function doSomething():void
  var mySprite:Sprite;
  var myArray:Array = new Array();

  for (var i:uint = 0; i < 1000; i++)
    mySprite = new mcBox();
    mySprite.x = Math.random() * this.stage.stageWidth;
    mySprite.y = Math.random() * this.stage.stageHeight;
    mySprite['tween'] = new Tween(mySprite, 'alpha', None.easeNone, 0, 1, 1, true);

This technique works and was used by many in AS2 programming. However, it really isn't very good practice for a few reasons. First, notice that I don't use dot syntax to access the tween property of mySprite. That's because Sprite is a non-dynamic class with no tween property, so the compiler would throw an error if I tried. This is kind of a hack to bypass the rules that the class defines. Your example does the same thing, but it's somewhat hidden: since accessing items in an array returns an untyped reference (*-typed), you can set any property you'd like on the item, even if it's not defined by the class. Secondly, setting the tween property on your sprite could have unintended consequences. Suppose elsewhere in your application, you (or somebody else who isn't aware of what you did here) use the same technique to set a Tween on a different property? The tween property of your Sprite would then point to this new Tween, and there would be no reference to the original alpha Tween. The sprite would stop fading and the developer would be left with the inenviable task of determining why one Tween should cause another to stop sporadically.

Hopefully, this will clear some things up about the original article, and about garbage collection in general.

Gravatar Darcey


Just placing the tweens into an array for seperation purposes and lets them be garbage collected on completion.

For more complicated usage I wouldn't go anywhere near this code…..

Not sure about attaching the tween to the spirte object, but it all works :)

Something I tinkered up a while back and posted up on my site for online reference which may be of use to people reading this page.

Gravatar matthew

Actually, "placing the tweens into an array" does not allow them to be garbage collected upon completion. Even after they've completed, the Array will still contain a reference to them. Therefore, they won't be garbage collected and will remain in memory.

In any case, this isn't what your code is doing. As I tried to explain above, your code is in fact "attaching the tween to the sprite object" – not "placing the tween into an array."

The Sprite is created and stored in an Array in the following line:

myArray[i] = new mcBox();

At this point, the Sprite is stored at myArray[i]. Any occurrences of myArray[i] are simply referencing that Sprite. So when you type the following:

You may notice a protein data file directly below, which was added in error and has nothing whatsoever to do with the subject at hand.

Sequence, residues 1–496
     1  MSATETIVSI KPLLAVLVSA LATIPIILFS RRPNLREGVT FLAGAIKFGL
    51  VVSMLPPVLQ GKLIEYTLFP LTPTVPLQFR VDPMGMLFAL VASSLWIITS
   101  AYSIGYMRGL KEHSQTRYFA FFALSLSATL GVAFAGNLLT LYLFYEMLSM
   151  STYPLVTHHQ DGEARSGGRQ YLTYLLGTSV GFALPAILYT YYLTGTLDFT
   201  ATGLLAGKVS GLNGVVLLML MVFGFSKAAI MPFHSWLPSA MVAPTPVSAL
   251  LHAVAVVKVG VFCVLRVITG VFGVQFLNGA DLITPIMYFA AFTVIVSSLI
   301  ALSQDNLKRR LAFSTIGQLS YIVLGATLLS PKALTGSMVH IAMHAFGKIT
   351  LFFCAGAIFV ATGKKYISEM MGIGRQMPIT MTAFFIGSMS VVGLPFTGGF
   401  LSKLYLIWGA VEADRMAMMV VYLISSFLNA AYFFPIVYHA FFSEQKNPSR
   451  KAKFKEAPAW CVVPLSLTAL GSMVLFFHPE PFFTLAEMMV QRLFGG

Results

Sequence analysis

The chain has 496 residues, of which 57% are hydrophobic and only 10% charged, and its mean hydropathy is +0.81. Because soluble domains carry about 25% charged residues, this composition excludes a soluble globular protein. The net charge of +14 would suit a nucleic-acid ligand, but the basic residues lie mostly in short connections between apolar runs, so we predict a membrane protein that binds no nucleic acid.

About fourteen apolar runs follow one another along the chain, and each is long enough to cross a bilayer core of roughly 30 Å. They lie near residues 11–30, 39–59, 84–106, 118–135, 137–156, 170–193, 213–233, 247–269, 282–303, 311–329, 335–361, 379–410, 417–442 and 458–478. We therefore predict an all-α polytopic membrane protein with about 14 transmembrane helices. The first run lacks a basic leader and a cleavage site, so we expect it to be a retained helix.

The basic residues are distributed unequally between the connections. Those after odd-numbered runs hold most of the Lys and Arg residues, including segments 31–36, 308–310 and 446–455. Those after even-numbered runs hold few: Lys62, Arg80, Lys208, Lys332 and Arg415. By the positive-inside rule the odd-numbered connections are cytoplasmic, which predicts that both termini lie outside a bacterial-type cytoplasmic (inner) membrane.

myArray[i].tween = new Tween(myArray[i], 'alpha', None.easeNone, 0, 1, 1, true);

what you are actually doing is 1) retrieving a reference to your Sprite, 2) creating a Tween instance, and 3) storing a reference to the Tween on the Sprite object itself. This is exactly the same as the following line in my comment above:

mySprite['tween'] = new Tween(mySprite, 'alpha', None.easeNone, 0, 1, 1, true);

If you're still not convinced, try adding the statement trace(this.getChildAt(this.numChildren - 1)['tween']); in your for loop. This will trace the tween property of the most recently added Sprite.

As I mentioned above, there are several reasons why this would not be a good idea. One that I didn't mention (but that your comment has reminded me of) is that none of these Tweens will be garbage collected until the Sprite they're acting on has been removed from the stage and all references to it are lost. (Again, it's the Sprite instance that's keeping your Tween from being garbage collected so as long as the Sprite exists, so will the Tween - unless, of course, you overwrite the Sprite's tween property.) That means that 1000 unused Tweens will be taking up space in memory!

Does this make things any clearer?

Gravatar Darcey

I'm fine with the code, my code was just a quick response for others to hot wire, try out, modify, discuss etc.. Also a quick method of getting the original example running. Thought some may find it interesting and also beneficial especially with your replies and breakdowns of the code posted. :)

If I were to code something up for this purpose I would probably be stemming everything from:

private var mcArray:Array;
private var mcTweenArray:Array;
//Maybe even use a multi dimensional array for a single array reference, all depends on the coders pref'

Then manage what the target functionality is from there, with probably stage / status variables for position in the tween animation stages for flow control with possible interactivity disabling while tween is in progress etc.

Gravatar Nick

I don't think this is accurate. Your example doesn't work because the Tween class explicitly doesn't actually create its internal Timer until "later", and even when it does, it adds its event listener using a weak reference. If you, for instance, modify the Tween class to add its listener in the constructor, AND make it non-weak-referenced, AND start the timer immediately, then it will work.